U.S. Missing Out on Chinese Dairy Import Growth
Just because the U.S. and China are in the depths of a trade war doesn’t mean that the Chinese are halting all imports of dairy products in the country.
On the contrary, year-to-date milk equivalent imports are up 9% while imports in November were up 13.2%, according to data from INTL FCStone. That’s higher than November 2013, which is considered a record high.
Unfortunately the U.S. isn’t reaping the benefits of Chinese import growth. As the table shows, the U.S. share of the Chinese dairy import market has dwindled considerably since 2016. Data also shows that as the U.S. share has fallen off, other countries have filled the void.
A group of interesting new players—Belarus, Ukraine and Uruguay—have taken market share over the past six months, according to Nate Donnay, director of dairy market insight at INTL FCStone.
While Belarus and Ukraine send most of their exports to Russia, a surge in the Russian dairy industry (estimated up 4.1% year to date, Donnay says) has dropped Russian imports by 20%. “That has freed up available supply in Belarus and Ukraine and they have apparently found China to be a ready buyer,” Donnay says.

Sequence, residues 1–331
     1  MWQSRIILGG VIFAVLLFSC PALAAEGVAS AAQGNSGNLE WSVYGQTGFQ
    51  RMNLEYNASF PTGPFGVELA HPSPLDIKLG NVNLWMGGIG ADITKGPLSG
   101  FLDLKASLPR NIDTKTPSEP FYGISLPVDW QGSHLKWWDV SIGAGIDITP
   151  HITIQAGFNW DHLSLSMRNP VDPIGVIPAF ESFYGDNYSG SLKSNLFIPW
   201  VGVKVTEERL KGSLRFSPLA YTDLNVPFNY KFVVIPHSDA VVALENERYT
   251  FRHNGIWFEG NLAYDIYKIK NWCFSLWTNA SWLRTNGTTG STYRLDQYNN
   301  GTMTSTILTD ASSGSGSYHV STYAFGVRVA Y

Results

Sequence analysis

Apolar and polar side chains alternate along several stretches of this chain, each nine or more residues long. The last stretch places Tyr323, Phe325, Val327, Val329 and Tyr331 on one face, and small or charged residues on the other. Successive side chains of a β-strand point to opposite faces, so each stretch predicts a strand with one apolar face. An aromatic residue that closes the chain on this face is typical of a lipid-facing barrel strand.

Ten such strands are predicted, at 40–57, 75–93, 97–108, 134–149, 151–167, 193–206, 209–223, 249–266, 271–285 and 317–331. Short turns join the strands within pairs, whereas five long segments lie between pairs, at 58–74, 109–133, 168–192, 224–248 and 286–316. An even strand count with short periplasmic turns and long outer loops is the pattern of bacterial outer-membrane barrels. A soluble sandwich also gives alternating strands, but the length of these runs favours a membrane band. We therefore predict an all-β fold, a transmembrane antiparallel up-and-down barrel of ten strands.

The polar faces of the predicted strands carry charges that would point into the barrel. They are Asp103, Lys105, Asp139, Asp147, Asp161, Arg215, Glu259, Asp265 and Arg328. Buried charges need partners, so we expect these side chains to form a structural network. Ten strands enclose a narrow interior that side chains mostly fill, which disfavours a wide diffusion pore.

The drop off in Russian imports explains only a part of the 844,000 MT increase in exports from Belarus and Ukraine into China, according to Donnay.
“What’s also interesting is that exports started to surge (at least from Belarus) in June, which is when the retaliatory tariffs on the U.S. started,” Donnay says.
If and when China drops the tariffs, it might be hard for the U.S. to regain lost share.
“Belarus has consistently been growing market share in recent years, so it might take more than the removal of the tariffs to shift that business back to the U.S.,” Donnay says.
Even if Russia imports more dairy products in 2019, he says, there could still be a good amount of dairy products move from Belarus/Ukraine into China.